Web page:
Then I walked up La Rambla, which is a long pedestrian walkway with a ton of vendors and street performers. I walked up it a ways to just check things out, there was so much going on. I went into Boquiera Market, which was this bustling indoor market selling everything: meats, fish, fruits, any food you could want. Walking around looking at the things they had for sale was awesome, even if I didn’t buy anything.
I headed back to my hostel for dinner then. What’s awesome about this place is that they want everyone to feel like family so they cook us dinner every night at 9 and everyone sits around the table talking and meeting each other. There were people there from America, Germany, England, Wales, Australia, Poland, and many other countries. Everyone was sharing stories and learning about each other, it was fantastic. It was one guy’s 50th birthday, so we had sangria to celebrate. Incredible group of people.
Next, a girl named Paulina showed up and gathered us to go out on the town. She was on roller skates, which I guess is her style and what she’s known for around town. We all got together (it was 12 of us) and we went to a few bars and eventually a club. We got free shots some places and free entry into the club, which was awesome especially because we didn’t have to pay for this pub crawl. I had a blast talking with everyone and going around to the different places, Barcelona definitely knows how to party. I was talking to a friend about Ireland and what I studied and I mentioned the IRA and these two girls turned around and looked at me. Come to find out they’re from Ireland (in Cork) and so we had a great time talking about Ireland and hanging out. I love how friendly travelers are, especially in Barcelona. I didn’t feel alone here at all. We left the club around 2 and headed back to the hostel where everyone passed out.
I woke up the next morning and had to pack up my things because I had to move rooms. I don’t know why, but people move around rooms a lot in this hostel. One girl who was sleeping in the bunk below me had to move beds in the same room, it was strange. I went down, had a few pieces of pastry for breakfast, and went out to see Barcelona.
The first place I went was La Sagrada Familia, a huge cathedral designed by Gaudi that has been in construction for 120 years (90 years since Gaudi’s death). It was such an awesome sight, with the spires almost looking like they’re melting and so many figures worked into the building. I didn’t know about Gaudi before this trip, but I could already tell his work was amazing and like nothing I had ever seen before.
I then walked down to La Padrera, another building designed by Gaudi. One of the girls in the hostel had recommended I go in and see it, so I wanted to see what It had to offer. It was designed for a rich family as an apartment building and residence for them. The rooftop terrace was wild, with a lot of wavy edges and cool spires. The floor was all wavy too, with stairs up and down. What was really cool was that the interesting looking spires all had a purpose too, being chimneys and ventilation openings and stairwells. The cool designs on some were made out of tile and pieces of broken champagne bottle. This guy was a master and this building a masterpiece. I walked around there a little and then went into the attic, which had really cool vaulted ceilings and an exhibit on the works of Gaudi. After that, I went into one of the apartments and they had it all done up like it was in the 1900s. This place was so cool!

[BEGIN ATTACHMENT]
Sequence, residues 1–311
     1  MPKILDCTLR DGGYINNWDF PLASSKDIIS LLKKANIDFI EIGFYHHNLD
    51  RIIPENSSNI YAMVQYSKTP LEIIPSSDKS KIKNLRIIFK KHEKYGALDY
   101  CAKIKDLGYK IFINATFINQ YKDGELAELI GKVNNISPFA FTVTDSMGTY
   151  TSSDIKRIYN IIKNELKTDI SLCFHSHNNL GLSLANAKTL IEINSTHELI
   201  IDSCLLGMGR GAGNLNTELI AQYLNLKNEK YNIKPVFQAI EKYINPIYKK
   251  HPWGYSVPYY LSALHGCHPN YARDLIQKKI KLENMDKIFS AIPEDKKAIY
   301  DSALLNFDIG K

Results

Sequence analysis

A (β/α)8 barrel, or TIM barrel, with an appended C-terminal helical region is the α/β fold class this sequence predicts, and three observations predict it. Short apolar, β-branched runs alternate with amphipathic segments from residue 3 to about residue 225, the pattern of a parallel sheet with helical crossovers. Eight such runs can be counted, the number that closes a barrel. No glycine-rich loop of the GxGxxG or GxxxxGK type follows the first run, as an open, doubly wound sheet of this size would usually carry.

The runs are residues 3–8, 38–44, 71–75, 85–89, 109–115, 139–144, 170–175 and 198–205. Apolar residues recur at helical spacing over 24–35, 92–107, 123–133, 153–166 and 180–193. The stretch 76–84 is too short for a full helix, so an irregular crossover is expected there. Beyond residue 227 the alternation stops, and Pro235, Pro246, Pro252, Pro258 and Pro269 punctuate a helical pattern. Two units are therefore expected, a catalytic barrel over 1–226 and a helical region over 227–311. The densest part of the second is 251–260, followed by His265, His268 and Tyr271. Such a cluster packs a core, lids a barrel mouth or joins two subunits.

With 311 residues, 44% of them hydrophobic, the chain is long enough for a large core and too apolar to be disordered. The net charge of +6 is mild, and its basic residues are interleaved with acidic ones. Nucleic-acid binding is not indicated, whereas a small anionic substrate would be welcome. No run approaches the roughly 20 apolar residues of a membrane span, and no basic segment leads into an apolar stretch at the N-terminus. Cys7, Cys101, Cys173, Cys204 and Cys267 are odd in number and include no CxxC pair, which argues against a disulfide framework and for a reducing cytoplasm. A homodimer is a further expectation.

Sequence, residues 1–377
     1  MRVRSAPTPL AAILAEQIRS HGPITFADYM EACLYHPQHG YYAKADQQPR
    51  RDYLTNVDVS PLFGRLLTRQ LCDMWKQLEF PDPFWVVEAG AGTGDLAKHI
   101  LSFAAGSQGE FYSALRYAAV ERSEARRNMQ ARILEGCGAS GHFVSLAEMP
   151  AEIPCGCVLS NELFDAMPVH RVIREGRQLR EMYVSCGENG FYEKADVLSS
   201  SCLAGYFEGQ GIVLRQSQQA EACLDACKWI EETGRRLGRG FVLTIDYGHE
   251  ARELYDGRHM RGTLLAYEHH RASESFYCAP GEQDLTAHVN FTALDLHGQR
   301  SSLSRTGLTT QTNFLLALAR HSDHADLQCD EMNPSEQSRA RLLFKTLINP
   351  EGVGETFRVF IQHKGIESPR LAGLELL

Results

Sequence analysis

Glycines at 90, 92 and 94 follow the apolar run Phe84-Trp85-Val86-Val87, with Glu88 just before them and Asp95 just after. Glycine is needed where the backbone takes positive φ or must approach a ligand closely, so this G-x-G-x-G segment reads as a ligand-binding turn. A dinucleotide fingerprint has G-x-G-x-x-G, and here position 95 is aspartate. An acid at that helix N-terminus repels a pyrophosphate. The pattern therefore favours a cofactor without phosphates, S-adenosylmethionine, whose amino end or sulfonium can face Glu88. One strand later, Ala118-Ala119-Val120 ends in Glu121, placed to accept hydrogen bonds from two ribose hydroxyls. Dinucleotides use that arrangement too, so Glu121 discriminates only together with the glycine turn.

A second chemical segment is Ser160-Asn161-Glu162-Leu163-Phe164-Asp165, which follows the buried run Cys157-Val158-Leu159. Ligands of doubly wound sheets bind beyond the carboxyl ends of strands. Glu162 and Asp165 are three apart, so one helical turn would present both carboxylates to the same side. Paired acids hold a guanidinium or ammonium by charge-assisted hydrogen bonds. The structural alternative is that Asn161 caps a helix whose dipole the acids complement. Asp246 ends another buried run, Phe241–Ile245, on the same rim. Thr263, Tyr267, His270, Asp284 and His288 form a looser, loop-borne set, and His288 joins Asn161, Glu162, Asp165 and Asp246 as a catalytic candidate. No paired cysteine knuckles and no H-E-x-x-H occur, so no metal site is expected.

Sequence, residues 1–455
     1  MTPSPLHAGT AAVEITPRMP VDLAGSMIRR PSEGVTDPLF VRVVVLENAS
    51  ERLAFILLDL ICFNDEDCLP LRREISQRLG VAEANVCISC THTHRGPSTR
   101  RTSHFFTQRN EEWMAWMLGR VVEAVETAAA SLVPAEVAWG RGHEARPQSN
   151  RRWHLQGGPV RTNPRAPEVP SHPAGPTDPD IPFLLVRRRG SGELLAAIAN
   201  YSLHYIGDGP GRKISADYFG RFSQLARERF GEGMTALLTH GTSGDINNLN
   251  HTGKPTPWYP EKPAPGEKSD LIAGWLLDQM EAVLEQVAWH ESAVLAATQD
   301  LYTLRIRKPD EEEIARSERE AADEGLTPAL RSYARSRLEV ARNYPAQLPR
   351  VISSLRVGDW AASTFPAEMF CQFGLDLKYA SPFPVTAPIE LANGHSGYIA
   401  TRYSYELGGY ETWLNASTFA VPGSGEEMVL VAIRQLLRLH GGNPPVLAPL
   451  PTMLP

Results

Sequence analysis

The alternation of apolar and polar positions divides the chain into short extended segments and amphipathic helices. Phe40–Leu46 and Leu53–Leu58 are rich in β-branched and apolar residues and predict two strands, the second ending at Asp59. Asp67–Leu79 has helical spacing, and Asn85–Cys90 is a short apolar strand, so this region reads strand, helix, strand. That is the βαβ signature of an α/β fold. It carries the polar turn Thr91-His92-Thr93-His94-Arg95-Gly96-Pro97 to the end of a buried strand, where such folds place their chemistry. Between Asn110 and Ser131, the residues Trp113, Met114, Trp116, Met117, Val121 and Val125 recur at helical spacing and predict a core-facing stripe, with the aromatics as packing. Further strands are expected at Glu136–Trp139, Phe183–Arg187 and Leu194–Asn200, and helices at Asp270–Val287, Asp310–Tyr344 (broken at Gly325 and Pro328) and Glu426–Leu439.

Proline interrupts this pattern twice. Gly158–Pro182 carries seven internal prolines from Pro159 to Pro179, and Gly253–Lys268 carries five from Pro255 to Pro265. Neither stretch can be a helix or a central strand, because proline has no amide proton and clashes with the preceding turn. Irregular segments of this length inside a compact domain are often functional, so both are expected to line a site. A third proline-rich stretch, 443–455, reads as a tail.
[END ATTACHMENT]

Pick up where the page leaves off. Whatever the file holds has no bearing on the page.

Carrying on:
I walked around a little and found a really cool little restaurant. What was interesting about it was that instead of a menu, they had a bunch of tapas out on plates with different style toothpicks in them. They were pieces of bruscetta with different toppings on them (one even had whipped cream, walnuts, and chocolate on bread) and the price depended on the type of toothpick. At the end, the bartender counted the number of toothpicks you had and charged you for that. It was pretty cheap and really good, seeming like the theme of the places I’m choosing to eat.
Afterward, I hopped on the metro and went to la Arc de Triomf, which was quite similar to the one in Paris. I walked down the park a little and came across el Parque de Ciutadella. It was a beautiful park with the most amazing fountain I’ve ever seen in my life. I literally walked up and was verbally saying “Wow, oh wow”, it was that impressive. I don’t know if anywhere can top it.
I walked through the park and down to the Picasso museum. I really wanted to go, and it was free at that time (Sunday after 3), but the line was literally 1000 feet long. I probably would have had to wait for 2 hours, so I said screw it and just walked past. I ended up coming across Sta Maria del Mar, a cool church, and el Catedral, and awesome Gothic style church with a huge spire on top. I love the architecture in this city, from the classic gothic look to the modern Gaudi work.
I then headed back to La Rambla to go up to Plaza Catalunya and the fountain. On the way, I stopped in the Museo Erotica, which is little museum on the history if sex and sexuality. There was stuff from Karma Sutra, the ancient Egyptians, the Chinese (including little porcelain figurines in sexual positions), all the way up to the modern day. It was actually an educational experience, not off color at all. There was some pretty racy stuff from the 1800s even, and overall it was a cool little museum. I had to do it!
I continued on to the top of La Rambla, where the Plaza Catalonya and the fountain are. I read in my travel book that the local legend is that if a visitor samples the water of the fountain, they’ll return to Barcelona. Since I had such an awesome time here and know I want to come back, I had to take a little sip. Not enough to get me sick though.